CPI(M) faces resistance within on alliance with Cong in Assembly polls
Though organisational wreck up is the issue to be discussed in the plenum of the CPI(M), the party is actually facing a resistance to form an alliance with the Congress in the forthcoming Assembly elections in West Bengal.
Having more central committee members in Andhra Pradesh, Tamil Nadu and Kerala, the party is vehemently opposing the proposal from a section of West Bengal leaders as in Kerala the party will fight against the Congress in the Assembly elections scheduled to be held in 2016. “The same party cannot have to political views and so the leaders from south will not support this,” a party insider said.
The biggest question which the party is facing is that in the past five decades it has failed to penetrate in five states bordering West Bengal. In Assam, Odisha, Bihar, Jharkhand Sikkim where the total number of seats in the Legislative Assembly is 638, the CPI(M) does not have a single MLA.
In 2014, Lok Sabha election the party’s result was disastrous and it has only 9 MPs in the Lok Sabha now. Many leaders have questioned that instead of discussing the party’s organization, it should first settle the political issues.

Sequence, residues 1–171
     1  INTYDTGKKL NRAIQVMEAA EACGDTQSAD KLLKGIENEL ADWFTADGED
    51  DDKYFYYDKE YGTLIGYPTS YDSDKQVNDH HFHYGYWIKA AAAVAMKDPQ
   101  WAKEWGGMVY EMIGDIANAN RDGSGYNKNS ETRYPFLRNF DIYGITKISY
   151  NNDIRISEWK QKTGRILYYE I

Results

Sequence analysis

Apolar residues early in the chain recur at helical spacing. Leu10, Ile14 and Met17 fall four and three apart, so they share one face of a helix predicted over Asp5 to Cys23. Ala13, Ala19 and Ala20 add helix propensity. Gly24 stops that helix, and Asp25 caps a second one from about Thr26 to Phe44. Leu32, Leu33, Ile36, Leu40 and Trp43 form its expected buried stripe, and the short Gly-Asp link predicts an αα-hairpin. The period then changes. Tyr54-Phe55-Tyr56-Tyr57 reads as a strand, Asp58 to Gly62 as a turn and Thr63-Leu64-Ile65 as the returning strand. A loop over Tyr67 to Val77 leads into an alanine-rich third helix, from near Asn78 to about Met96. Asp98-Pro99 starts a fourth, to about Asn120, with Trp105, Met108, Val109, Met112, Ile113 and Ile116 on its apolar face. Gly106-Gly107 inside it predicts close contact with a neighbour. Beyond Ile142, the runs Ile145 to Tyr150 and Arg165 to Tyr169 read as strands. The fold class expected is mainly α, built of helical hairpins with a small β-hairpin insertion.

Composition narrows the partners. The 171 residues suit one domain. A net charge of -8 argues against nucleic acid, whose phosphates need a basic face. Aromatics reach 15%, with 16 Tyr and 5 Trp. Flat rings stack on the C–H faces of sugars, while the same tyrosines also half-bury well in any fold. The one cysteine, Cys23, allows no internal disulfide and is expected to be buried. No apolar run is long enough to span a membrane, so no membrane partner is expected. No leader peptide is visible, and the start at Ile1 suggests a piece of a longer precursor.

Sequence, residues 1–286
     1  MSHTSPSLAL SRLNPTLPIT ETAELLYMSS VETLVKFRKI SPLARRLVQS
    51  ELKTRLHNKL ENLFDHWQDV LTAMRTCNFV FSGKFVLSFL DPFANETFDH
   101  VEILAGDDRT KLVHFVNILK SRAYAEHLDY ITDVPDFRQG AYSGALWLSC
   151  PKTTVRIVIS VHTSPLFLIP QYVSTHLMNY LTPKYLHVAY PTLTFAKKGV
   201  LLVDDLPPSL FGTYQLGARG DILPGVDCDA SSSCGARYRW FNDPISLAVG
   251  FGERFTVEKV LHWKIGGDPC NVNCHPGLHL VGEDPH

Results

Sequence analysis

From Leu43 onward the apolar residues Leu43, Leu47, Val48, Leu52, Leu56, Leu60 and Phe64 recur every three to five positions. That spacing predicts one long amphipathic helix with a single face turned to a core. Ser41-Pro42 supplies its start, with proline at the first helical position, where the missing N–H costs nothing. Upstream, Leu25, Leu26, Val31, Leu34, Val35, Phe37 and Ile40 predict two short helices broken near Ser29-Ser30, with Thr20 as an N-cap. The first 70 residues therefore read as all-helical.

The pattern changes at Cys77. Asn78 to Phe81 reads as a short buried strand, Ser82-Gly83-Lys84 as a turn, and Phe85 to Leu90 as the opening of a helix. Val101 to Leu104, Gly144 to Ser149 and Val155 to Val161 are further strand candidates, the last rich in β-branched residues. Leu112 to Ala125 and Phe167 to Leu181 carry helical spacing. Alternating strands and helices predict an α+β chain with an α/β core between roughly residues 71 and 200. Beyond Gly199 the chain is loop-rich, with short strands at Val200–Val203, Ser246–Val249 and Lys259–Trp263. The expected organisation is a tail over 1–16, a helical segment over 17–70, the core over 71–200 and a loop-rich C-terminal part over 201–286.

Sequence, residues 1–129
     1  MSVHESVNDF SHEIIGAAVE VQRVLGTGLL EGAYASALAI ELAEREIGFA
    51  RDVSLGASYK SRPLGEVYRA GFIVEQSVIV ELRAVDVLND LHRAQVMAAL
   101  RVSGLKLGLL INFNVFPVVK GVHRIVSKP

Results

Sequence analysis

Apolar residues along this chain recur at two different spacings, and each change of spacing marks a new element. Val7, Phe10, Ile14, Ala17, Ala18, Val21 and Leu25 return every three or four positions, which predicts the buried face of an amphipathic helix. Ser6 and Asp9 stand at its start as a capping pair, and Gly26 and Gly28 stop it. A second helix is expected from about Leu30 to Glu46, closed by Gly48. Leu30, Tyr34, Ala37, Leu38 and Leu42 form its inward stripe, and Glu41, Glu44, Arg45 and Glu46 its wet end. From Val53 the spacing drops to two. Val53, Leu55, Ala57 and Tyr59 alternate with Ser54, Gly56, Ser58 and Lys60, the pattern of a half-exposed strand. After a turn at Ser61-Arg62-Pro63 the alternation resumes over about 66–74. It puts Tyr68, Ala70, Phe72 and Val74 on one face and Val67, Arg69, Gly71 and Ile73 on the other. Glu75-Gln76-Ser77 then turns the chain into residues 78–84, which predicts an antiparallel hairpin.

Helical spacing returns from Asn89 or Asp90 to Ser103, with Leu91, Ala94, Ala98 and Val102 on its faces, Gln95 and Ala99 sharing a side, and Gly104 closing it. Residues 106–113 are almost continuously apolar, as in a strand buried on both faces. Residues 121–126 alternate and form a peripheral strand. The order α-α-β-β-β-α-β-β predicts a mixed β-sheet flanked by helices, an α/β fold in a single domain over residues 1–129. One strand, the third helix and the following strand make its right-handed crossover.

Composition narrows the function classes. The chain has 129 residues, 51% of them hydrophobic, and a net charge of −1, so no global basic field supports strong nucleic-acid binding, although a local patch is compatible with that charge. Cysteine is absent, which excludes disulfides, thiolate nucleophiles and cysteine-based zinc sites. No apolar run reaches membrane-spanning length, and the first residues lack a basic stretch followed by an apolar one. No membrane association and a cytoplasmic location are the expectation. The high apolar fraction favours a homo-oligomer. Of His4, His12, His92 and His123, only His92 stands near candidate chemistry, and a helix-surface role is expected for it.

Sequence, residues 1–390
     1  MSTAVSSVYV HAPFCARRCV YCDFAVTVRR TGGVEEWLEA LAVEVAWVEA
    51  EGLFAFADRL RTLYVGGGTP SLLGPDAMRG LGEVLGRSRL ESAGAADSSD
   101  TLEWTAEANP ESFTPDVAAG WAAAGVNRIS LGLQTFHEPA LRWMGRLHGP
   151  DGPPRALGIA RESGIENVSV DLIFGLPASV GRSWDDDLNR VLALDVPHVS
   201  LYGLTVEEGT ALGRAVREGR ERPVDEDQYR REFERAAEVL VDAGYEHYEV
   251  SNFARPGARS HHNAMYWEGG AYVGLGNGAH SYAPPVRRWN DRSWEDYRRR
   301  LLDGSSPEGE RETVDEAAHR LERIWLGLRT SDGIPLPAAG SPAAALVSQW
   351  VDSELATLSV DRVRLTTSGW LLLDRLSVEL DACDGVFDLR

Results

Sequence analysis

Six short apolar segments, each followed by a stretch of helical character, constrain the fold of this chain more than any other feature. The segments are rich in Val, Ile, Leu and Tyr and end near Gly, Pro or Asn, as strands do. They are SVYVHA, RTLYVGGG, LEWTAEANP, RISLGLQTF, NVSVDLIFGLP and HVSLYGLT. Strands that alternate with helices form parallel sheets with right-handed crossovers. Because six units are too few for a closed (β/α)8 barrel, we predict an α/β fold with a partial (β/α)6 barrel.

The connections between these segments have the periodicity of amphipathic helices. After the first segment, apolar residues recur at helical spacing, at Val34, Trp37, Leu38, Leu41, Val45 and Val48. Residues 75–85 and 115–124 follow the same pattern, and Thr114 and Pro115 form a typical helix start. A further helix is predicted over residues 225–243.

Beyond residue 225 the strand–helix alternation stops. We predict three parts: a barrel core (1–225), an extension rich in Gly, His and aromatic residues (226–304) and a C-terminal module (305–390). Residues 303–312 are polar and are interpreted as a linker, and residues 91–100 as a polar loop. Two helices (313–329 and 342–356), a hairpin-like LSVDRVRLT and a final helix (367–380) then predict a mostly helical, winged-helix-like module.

Many have also said that questions should be raised whether Lenin’s philosophy whose basis was European Society was still relevant in Indian context where people often change floor. Those opposing the view to support Congress maintained that it would lead to party’s disaster.
If CPI(M) supporters vote for Congress candidates, then the electoral partner will be benefited but what will happen if Congress supporters do not vote CPIM candidates. Thus, the party is likely to face a disaster.
“On the whole the plenum is not likely to be conclusive,” felt some party leaders.
The ongoing plenum is the third one since the inception of the party in 1964. The first plenum, was held in Burdwan where the issue was the conflict between the Communist parties of China and Socviet Russia. The second plenum was held in Salkia in December, 1978 where the party’s role in the Hindi belt was discussed.
The party has also failed to project the young leaders and no definite resolution has yet been taken about how many new young leaders will be given responsibility.
The first generation leaders except VS Achdanandan are dead. The second generation leaders including Bimab Bose and Buddhadeb Bhattacharjee are on the verge of retirement.
The third generation leaders including Dr Suryakanta Misra, Mohammad Selim and MS Babby are coming up but the big question is whether the old guards will welcome the new leaders and allow them to work freely.